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CASE REPORT Table of Contents   
Year : 2009  |  Volume : 12  |  Issue : 2  |  Page : 77-79
Endodontic emergencies: Your medication may be the cause


Department of Operative Dentistry, Faculty of Dental Sciences, Chatrapati Sahuji Maharaj Medical University, Lucknow, India

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Date of Submission31-Jul-2008
Date of Acceptance03-Feb-2009
Date of Web Publication10-Sep-2009
 

   Abstract 

An endodontic clinician may face unwanted situations during root canal treatment. We present here an unusual case of soft tissue and gingival necrosis of the oral cavity following the use of formocresol® during endodontic treatment.

Keywords: Formocresol; necrosis; paraformaldehyde containing paste.

How to cite this article:
Verma P, Chandra A, Yadav R. Endodontic emergencies: Your medication may be the cause. J Conserv Dent 2009;12:77-9

How to cite this URL:
Verma P, Chandra A, Yadav R. Endodontic emergencies: Your medication may be the cause. J Conserv Dent [serial online] 2009 [cited 2019 Aug 19];12:77-9. Available from: http://www.jcd.org.in/text.asp?2009/12/2/77/55623

   Introduction Top


Formaldehyde-containing medications have been used for root canal treatment for many years. [9] Various compounds containing arsenic and paraformaldehyde were used in the past when effective anesthesia could not be obtained. [11] Such agents have some clinical benefit, although local soft and hard tissue necrosis occurs if they are not confined to the pulp. The following case report describes tissue degeneration and swelling in a patient treated with formocresol during root canal treatment.


   Case Report Top


A 37 year-old female patient reported to the Department of Operative Dentistry in CSM Medical University with the chief complaint of pain in her maxillary left first premolar. She was diagnosed with acute irreversible pulpitis and an undergraduate student was assigned to perform her root canal treatment. She performed access opening and bio-mechanical preparation in the particular tooth and gave her dressing using formocresol-soaked cotton. The patient reported after 24 hours with the complaints of pain and swelling in her left buccal and infraorbital regions [Figure 1]. Oral examination revealed desquamation of the buccal mucosa and gingival epithelium in relation to her maxillary posterior region [Figure 2]. Extra oral examination revealed swelling in her buccal, mandibular, and infraorbital regions on the left side. There was ulceration in the angle of her mouth on the left side and her mouth opening was reduced.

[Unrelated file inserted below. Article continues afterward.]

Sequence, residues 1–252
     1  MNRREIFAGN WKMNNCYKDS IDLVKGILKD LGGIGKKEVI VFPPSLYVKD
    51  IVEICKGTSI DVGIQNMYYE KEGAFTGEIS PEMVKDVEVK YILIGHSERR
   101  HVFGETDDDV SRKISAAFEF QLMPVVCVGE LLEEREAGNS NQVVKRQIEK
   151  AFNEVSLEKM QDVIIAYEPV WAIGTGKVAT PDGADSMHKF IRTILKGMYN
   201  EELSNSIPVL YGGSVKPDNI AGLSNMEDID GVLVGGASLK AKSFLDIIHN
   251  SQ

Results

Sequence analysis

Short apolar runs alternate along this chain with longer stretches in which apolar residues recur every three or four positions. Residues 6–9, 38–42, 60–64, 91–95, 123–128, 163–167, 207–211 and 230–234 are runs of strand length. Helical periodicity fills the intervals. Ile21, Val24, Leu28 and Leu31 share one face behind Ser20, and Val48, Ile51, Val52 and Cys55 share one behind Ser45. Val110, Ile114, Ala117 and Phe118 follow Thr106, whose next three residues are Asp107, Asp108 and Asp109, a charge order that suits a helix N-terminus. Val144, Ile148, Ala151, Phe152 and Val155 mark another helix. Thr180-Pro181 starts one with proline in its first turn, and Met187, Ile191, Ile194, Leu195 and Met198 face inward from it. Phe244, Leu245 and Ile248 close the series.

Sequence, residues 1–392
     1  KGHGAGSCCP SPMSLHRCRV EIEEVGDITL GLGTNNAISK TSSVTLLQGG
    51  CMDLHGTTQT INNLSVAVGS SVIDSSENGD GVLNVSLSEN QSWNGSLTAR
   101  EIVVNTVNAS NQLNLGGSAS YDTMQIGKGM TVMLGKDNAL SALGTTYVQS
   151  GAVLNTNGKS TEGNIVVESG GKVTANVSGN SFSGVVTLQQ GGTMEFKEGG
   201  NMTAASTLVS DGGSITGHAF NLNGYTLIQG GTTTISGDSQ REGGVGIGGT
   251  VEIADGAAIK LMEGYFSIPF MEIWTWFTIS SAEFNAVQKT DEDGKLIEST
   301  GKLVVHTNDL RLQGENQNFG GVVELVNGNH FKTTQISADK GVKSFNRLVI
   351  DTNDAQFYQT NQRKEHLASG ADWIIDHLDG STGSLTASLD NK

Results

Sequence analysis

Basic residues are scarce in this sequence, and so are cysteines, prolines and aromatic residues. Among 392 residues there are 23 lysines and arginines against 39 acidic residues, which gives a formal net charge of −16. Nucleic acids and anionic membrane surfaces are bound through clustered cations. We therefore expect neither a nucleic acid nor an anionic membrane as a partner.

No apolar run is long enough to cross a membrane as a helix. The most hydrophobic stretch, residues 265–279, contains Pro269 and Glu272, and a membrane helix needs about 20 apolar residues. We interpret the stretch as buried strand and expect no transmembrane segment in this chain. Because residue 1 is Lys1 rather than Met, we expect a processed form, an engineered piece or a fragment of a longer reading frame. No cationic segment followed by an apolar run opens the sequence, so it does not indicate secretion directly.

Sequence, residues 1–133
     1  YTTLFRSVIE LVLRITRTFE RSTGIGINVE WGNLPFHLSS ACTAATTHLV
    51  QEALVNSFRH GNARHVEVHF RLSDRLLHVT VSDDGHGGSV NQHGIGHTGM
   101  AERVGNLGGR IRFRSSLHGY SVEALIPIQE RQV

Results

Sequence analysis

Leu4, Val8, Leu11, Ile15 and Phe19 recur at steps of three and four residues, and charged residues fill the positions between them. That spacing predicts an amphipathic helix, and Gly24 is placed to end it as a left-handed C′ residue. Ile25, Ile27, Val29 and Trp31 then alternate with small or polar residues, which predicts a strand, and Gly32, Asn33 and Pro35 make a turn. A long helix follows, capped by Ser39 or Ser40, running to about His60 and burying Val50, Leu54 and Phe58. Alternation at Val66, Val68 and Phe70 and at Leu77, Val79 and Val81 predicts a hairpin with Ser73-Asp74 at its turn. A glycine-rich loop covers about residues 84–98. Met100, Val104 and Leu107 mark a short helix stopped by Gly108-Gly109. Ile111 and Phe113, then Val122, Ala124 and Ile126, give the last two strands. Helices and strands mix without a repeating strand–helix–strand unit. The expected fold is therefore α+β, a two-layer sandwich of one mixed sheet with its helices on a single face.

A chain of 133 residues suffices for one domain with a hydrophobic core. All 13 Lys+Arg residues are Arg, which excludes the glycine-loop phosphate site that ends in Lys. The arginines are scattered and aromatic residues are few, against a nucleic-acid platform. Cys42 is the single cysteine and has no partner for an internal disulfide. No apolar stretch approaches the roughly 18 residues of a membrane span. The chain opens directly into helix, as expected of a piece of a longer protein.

Treatment given

The first aim of treatment was to alleviate the symptoms of pain and to prevent further progress of infection. The patient was immediately advised to rinse her mouth with Betadine gargle® . A mixture of a steroid-based cream and Hexigel® was applied all over the ulcerated surface. An analgesic was also given to relieve the symptoms of pain. The patient was prescribed antihistamines and multivitamins, which she was advised to continue for one week. She was kept on a soft diet and advised to avoid spicy food; she was recalled after one week.

On her subsequent visit, her condition was found to have visibly improved [Figure 3] and [Figure 4].The swelling, redness, and exfoliation of the mucosa had reduced. After the cessation of symptoms, the patient's root canal dressing was changed. By her third visit, the condition had totally resolved and her root canal treatment was subsequently completed; the tooth was permanently restored with silver amalgam.


   Discussion Top